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ITALY A PRESTO: Rome's Famous Landmarks

15 May 2018 1:26 PM | Mark Ethridge

Rome's Famous Landmarks

by Tommaso Gambino

 Becoming familiar with Rome’s famous landmarks is a rite of passage. Unlike most major world cities, many of Rome’s points of interest date back several thousand years, and some are still in use today. An example of this is enjoying opera in the Baths of Caracalla, built in 212 AD.

Opera performance at the Baths of Caracalla

Andiamo! Let us begin our tour at the Colosseum, originally known as the Flavian Amphitheatre.  It is arguably the most identifiable structure of the world capital. Construction began in 72 AD by Emperor Vespasian and was terminated in 80 AD by his son, the Emperor Titus. Enormous amounts of travertine slabs, tufa blocks and brick made up the building material. The capacity accommodated approximately 50,000-70,000 spectators. Admission was gratis along with food for the events. This was offered as a gift from the emperor to the people of Rome (the famous “panem et circenses” bread and games).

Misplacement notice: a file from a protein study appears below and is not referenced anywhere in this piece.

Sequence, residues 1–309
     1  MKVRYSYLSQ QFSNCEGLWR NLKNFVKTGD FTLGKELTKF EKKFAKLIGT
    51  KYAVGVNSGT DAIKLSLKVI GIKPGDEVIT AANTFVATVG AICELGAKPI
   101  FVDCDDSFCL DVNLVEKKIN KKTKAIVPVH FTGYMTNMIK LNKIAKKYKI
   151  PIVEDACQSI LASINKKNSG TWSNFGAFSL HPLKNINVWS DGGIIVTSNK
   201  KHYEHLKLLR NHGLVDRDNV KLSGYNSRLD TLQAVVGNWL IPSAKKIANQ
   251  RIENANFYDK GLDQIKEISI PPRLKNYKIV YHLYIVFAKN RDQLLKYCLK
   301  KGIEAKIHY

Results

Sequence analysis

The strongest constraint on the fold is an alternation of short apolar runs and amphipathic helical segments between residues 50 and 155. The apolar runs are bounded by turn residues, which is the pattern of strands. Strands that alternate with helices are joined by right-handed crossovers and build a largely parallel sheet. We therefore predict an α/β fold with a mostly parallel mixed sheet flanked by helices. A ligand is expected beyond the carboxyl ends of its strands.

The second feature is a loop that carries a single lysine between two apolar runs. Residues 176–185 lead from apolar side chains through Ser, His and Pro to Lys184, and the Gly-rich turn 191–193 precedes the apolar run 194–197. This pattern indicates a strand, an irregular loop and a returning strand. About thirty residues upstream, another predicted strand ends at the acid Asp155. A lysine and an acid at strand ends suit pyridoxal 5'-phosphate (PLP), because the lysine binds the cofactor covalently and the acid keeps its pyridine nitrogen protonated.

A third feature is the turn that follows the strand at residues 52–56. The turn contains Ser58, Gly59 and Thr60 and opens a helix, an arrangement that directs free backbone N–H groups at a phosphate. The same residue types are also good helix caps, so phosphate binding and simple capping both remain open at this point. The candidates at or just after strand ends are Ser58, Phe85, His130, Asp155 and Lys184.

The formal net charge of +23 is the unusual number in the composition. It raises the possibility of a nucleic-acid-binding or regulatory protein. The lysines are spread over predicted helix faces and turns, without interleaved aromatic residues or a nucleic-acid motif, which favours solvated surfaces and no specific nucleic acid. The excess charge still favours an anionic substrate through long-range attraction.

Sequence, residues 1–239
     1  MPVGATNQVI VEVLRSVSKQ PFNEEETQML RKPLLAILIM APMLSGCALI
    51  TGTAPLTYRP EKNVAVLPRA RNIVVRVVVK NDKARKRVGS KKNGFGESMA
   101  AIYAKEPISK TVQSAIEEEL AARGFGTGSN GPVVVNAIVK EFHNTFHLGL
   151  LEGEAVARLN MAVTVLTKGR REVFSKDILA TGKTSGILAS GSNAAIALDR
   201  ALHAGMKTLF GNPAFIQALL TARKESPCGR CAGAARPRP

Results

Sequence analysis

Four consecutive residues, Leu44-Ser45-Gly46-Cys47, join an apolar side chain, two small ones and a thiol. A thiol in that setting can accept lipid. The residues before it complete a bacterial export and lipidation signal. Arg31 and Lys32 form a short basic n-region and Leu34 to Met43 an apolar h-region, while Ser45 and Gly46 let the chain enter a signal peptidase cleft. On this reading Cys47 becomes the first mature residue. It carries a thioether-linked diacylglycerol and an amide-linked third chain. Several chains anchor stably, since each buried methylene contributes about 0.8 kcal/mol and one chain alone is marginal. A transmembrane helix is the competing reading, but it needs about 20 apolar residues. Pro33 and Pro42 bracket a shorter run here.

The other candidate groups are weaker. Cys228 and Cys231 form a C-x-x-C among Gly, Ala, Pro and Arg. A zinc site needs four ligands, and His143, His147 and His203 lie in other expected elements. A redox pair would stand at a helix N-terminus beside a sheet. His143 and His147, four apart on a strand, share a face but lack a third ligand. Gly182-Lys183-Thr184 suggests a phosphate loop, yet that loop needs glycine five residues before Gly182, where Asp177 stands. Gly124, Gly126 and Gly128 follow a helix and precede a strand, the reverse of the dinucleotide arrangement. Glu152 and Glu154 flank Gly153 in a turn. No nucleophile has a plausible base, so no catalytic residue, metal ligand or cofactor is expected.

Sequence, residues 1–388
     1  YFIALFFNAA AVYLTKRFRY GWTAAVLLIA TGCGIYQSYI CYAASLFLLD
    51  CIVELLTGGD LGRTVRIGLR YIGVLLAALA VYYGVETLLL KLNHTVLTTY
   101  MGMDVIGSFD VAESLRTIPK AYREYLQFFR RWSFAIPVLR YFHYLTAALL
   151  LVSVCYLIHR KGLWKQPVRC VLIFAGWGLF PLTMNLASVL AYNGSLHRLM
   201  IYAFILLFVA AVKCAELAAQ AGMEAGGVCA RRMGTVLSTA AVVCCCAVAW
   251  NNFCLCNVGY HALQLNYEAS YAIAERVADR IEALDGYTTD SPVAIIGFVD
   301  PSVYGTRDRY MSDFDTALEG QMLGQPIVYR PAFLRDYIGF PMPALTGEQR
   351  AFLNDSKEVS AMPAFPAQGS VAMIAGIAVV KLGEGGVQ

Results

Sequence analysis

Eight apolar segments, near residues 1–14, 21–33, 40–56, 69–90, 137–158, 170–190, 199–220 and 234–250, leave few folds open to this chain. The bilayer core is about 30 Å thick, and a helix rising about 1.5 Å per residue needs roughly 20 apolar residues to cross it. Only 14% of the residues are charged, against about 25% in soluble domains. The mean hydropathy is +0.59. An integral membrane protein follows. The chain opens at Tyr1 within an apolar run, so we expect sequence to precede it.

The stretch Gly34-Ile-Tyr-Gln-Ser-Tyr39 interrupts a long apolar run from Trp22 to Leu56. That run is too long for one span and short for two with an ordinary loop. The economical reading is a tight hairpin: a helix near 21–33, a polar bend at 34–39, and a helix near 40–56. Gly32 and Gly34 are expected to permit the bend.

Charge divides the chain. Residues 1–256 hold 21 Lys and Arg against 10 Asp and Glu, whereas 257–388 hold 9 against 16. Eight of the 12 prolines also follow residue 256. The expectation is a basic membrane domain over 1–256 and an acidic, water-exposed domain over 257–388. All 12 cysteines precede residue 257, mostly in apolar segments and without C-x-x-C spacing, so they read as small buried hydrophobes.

The Colosseum

We now leave the Colosseum and cross over to the Arch of Constantine, (315 AD) built to celebrate the famous victory of Ponte Milvio that ushered in Christianity.  A few more steps and we cross under the Arch of Titus commemorating the Roman conquest of Jerusalem (70 AD).  Once through the arch, we find ourselves entering venerated land, the Roman Forum, the center of the known world.  Gazing down over the myriad historic structures along the Via Sacra, one can easily feel a sense of awe.  It was here that the Romans met to carry on commercial, religious, political and social activities. It was from this site the Romans conquered the then known world and developed our western civilization. To the left is the House of the Vestal Virgins, the Temple of Castor and Pollux, the Temple of Julius Caesar and to the right the Temple of Romulus, the Basilica of Constantine, and the Temple of Antonius and Faustina. Finally, there is the Curia and the famous rostrum from which one can imagine Mark Antony delivering his famous oration in Shakespeare's play Julius Caesar:

“Friends, Romans and Countryman lend me your ears; I come to bury Caesar not to praise him.”

The Roman Forum

It’s all very impressive and moving to relive one’s history in the places where it took place...


To be continued -- see you in 2 weeks at Piazza Navona

Ciao, Tommaso


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